NASA snapshot of last week's eruption. Image: NASA.
Always willing to cuddle up to a good bit of fear-mongering, we were thrilled to read the comments of the UK government’s chief scientific advisor, John Beddington, who has this week warned that increased solar storm activity could create a “global Katrina”.
“This issue of space weather has got to be taken seriously,” said Beddington during the annual meeting of the American Association for the Advancement of Science (AAAS).
“We’ve had a relatively quiet [period] in space weather and we can expect that quiet period to end,” he added. “Over the same time, over that period, the potential vulnerability of our [electrical] systems has increased dramatically.”
Short of wearing a poorly scrawled ‘The End is Nigh’ sandwich board, Beddington suggested that heavy solar turbulence is likely to adversely affect orbiting communication satellites, global electricity grids, and all manner of devices operating with GPS technology.
In terms of potential damage—from a financial perspective—Beddington believes the world could be left facing recovery costs of up to $2 trillion USD (approximately 1.2 trillion GBP) if hit by a big enough storm.
The star at the centre of our solar system has established a fluctuating activity cycle of around 11 years, and scientists expect the current cycle to peak at some point during 2013.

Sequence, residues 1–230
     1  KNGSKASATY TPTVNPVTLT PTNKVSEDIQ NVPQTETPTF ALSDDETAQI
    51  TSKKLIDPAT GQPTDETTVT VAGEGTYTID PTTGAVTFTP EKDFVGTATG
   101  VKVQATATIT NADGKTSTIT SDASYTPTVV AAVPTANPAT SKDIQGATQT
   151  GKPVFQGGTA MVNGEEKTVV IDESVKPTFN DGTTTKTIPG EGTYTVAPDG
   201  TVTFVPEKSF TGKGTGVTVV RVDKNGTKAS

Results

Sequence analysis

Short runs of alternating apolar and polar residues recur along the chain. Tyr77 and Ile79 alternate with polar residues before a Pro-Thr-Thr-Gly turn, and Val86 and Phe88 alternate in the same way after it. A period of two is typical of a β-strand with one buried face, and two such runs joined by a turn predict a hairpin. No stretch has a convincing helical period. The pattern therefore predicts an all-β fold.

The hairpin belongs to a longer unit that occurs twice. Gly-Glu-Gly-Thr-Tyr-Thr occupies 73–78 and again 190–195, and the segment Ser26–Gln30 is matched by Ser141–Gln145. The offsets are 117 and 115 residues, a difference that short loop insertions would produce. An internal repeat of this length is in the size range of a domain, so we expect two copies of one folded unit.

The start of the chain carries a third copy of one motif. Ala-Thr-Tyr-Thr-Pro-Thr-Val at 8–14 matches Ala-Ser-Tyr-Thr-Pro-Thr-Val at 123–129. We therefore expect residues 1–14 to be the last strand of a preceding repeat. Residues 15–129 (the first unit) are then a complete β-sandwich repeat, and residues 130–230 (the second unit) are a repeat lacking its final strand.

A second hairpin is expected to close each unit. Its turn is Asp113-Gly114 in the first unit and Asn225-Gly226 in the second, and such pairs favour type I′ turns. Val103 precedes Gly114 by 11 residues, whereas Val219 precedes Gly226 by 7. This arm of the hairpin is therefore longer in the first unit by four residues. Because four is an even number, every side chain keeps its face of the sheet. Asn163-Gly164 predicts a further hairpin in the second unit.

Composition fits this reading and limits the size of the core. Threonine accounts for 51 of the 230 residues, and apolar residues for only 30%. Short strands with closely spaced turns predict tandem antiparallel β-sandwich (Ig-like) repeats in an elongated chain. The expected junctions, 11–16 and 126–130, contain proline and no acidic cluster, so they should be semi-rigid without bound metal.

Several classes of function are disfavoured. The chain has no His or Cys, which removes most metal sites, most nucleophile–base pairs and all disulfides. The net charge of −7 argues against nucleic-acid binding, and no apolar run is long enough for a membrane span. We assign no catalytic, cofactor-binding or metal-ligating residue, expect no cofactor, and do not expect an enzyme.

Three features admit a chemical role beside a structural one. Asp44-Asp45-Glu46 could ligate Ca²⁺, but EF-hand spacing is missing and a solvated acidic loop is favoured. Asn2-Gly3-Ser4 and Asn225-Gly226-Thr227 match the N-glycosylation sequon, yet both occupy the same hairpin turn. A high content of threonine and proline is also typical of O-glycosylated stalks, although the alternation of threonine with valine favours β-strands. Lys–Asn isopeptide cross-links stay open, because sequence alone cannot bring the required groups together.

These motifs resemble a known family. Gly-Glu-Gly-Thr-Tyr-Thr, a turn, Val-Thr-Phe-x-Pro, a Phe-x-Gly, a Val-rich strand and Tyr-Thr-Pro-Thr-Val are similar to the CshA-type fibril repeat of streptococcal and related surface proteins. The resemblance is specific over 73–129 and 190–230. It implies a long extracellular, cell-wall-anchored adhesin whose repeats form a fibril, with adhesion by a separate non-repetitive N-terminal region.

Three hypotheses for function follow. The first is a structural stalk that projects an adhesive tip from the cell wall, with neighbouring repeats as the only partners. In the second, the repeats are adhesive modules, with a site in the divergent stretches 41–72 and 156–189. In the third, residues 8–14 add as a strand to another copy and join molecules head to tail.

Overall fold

For those not up to speed on astronomical events, a solar storm consists of onrushing electromagnetic radiation formed whenever the sun emits a solar flare. These galactic storm clouds then ionise the planet’s atmosphere, which can wreak havoc with satellite platforms.
Around 24 hours after the initial solar flare, a coronal mass ejection (plasma) then impacts the magnetosphere, which, beyond causing a widespread lightshow in the sky, is capable of delivering widespread electrical blackouts as currents surge along high-tension electricity lines and through vulnerable transformers, capacitors and oil pipelines.
Beddington’s warning comes a week after the Earth was hit by the strongest solar storm in four years.
Although everyday life didn’t grind to a halt, airlines were forced to reroute flights away from polar-regions due to the possibility of crippled radio transmissions, while communications in the Western Pacific Ocean and parts of Asia were also temporarily knocked out.
And, cheap gags aside, the UK’s chief scientific advisor isn’t the only figure of note within the world of science who’s worried about the effects of future storm activity.
Moreover, Jane Lubchenco, boss of the National Oceanic and Atmospheric Administration (NOAA), has said the U.S. needs to be better prepared in order to avoid the loss of communications and electrical power.
“This is not a matter of if, it’s simply a matter of when and how big,” said Lubchenco during the meeting. “We have every reason to expect we’re going to be seeing more space weather in the coming years, and it behooves us to be smart and to be prepared.”